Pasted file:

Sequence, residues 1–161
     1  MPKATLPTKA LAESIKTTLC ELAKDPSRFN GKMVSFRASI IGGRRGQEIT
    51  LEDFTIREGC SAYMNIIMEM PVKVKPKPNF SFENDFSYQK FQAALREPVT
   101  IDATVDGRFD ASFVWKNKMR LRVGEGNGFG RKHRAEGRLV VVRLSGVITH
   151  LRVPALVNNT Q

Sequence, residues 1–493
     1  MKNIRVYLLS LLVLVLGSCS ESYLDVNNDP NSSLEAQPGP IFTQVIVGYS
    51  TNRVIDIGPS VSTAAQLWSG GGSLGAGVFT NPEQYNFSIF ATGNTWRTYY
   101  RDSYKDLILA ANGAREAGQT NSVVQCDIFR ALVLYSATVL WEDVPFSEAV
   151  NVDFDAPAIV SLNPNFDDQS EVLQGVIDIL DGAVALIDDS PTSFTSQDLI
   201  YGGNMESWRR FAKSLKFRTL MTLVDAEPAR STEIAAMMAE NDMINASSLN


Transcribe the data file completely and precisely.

Sequence, residues 1–161
     1  MPKATLPTKA LAESIKTTLC ELAKDPSRFN GKMVSFRASI IGGRRGQEIT
    51  LEDFTIREGC SAYMNIIMEM PVKVKPKPNF SFENDFSYQK FQAALREPVT
   101  IDATVDGRFD ASFVWKNKMR LRVGEGNGFG RKHRAEGRLV VVRLSGVITH
   151  LRVPALVNNT Q

Sequence, residues 1–493
     1  MKNIRVYLLS LLVLVLGSCS ESYLDVNNDP NSSLEAQPGP IFTQVIVGYS
    51  TNRVIDIGPS VSTAAQLWSG GGSLGAGVFT NPEQYNFSIF ATGNTWRTYY
   101  RDSYKDLILA ANGAREAGQT NSVVQCDIFR ALVLYSATVL WEDVPFSEAV
   151  NVDFDAPAIV SLNPNFDDQS EVLQGVIDIL DGAVALIDDS PTSFTSQDLI
   201  YGGNMESWRR FAKSLKFRTL MTLVDAEPAR STEIAAMMAE NDMINASSLN